Pianist Gutierrez Interprets Brahms Concerto At The Mann

Posted: July 22, 1992

With a self-deprecation typical of the man, Brahms once described his second piano concerto as a "tiny little concerto . . ."

Artists are usually the last to accurately assess their work, but what a misstatement. There's nothing tiny about the Concerto No. 2 in B-flat major, Op. 83 - a long and mighty, powerfully intimate and tranquil work.

Wending through its challenges - and distinctly varied changes of mood - is not a task for anyone less than a virtuoso. And yet you'd be surprised at how many big-time pianists stride across this score as if it were a Wild West bronco rather than a Kentucky thoroughbred.

Horacio Gutierrez rode the steed so skillfully Monday night at the Mann Music Center that we might have been listening to Brahms himself ruminating on ideas about love and power. The interpretation, unified and fluent, was all the lovelier for surviving the acoustical challenges of the outdoor setting, where so many of its nuances could have been lost.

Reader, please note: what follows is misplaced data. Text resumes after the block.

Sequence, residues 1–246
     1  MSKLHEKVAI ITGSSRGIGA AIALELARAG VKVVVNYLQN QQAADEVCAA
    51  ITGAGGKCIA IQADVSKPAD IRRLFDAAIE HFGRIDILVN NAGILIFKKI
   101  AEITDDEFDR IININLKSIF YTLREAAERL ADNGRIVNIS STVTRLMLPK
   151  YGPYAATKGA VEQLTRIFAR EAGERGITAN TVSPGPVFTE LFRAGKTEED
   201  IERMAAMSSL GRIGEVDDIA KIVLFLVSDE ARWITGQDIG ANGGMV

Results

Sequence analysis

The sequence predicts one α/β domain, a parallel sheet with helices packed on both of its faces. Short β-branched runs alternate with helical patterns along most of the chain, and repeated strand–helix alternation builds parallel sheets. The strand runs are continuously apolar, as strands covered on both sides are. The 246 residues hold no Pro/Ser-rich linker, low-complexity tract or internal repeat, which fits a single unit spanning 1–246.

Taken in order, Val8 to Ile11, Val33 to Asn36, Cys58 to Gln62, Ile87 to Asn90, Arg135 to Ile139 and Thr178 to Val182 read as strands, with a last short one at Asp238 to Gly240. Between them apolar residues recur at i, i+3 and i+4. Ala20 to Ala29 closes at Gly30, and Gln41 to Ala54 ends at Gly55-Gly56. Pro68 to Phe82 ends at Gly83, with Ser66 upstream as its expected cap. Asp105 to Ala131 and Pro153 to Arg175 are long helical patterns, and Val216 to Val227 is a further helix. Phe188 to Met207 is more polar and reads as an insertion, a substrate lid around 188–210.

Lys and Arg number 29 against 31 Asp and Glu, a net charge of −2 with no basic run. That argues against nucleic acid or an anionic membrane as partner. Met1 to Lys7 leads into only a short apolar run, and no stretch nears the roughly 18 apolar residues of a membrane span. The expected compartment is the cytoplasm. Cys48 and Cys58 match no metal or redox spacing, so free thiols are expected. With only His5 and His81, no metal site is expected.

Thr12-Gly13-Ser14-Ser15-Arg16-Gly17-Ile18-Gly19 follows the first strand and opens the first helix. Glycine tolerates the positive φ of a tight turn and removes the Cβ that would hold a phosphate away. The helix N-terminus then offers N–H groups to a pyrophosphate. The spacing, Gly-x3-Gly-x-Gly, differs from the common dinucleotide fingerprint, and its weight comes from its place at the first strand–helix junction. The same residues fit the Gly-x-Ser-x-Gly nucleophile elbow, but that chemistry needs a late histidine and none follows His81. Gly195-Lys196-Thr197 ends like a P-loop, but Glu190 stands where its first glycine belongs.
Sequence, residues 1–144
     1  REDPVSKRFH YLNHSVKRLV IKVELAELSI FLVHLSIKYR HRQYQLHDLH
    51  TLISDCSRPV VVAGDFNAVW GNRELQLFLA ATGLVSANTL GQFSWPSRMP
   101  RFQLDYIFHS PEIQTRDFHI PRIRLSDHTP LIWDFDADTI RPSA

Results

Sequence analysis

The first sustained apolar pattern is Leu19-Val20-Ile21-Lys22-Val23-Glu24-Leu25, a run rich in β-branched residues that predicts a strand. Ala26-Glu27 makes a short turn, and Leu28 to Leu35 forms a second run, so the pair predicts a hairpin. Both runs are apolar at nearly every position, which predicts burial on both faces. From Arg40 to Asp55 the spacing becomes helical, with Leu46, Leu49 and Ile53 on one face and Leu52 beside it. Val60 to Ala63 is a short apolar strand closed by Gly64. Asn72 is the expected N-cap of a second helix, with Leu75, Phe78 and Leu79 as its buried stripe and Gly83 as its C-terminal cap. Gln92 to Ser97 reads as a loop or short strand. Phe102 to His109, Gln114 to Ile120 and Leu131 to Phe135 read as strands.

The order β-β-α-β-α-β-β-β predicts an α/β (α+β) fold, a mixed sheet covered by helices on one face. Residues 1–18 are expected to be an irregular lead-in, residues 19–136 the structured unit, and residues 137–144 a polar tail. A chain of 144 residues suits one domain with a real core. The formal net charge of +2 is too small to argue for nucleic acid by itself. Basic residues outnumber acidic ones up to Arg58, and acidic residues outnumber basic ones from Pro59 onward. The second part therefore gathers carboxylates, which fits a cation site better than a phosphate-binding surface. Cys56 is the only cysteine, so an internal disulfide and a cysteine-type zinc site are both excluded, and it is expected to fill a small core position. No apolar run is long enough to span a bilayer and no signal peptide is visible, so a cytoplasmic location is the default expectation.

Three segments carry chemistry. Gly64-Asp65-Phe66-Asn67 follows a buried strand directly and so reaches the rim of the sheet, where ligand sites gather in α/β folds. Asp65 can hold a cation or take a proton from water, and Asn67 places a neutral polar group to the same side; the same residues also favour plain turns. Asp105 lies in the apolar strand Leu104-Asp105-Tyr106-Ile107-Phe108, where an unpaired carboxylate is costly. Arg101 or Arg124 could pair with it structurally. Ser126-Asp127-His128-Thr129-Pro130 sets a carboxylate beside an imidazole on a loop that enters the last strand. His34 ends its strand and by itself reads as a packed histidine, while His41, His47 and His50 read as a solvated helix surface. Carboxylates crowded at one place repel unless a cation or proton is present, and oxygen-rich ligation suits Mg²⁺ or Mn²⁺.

One of Gutierrez's gifts is his ability for tremendous variation in keyboard sonority. Using color, which on the piano is really a matter of finger and arm weight, Gutierrez gave the first movement's weightier assertions a steel-and-thunder quality, shifting with ease into the composer's dazzling poetic figurations.

In the finale, the pianist's fingers had an incomparable lightness that summoned the music's joy and playfulness.

Soloists should be good listeners. Many aren't. Gutierrez listens exceedingly well to his orchestral colleagues, and Monday night's performance was a superb example of such communication.

The Andante third movement, an extended solo for cello, was beautiful for its ardor and sensitivity; it was played by assistant principal Lloyd Smith. Principal Nolan Miller took Brahms' incomparable horn solos.

Conducting with fluency all evening was Mann artistic director Charles Dutoit.

The concert opened with Berlioz' warmly celebratory Overture to Beatrice et Benedict, then moved into Franck's long and sentimental Symphony in D Minor. This was an Ormandy specialty, and Dutoit and the ensemble seemed to be evoking some of Ormandy's stylistic nostalgia. It was an attractive

interpretation - gracious where it needed to be, but accentuating with vigor the many spots where Franck tried so hard to be a Beethoven.

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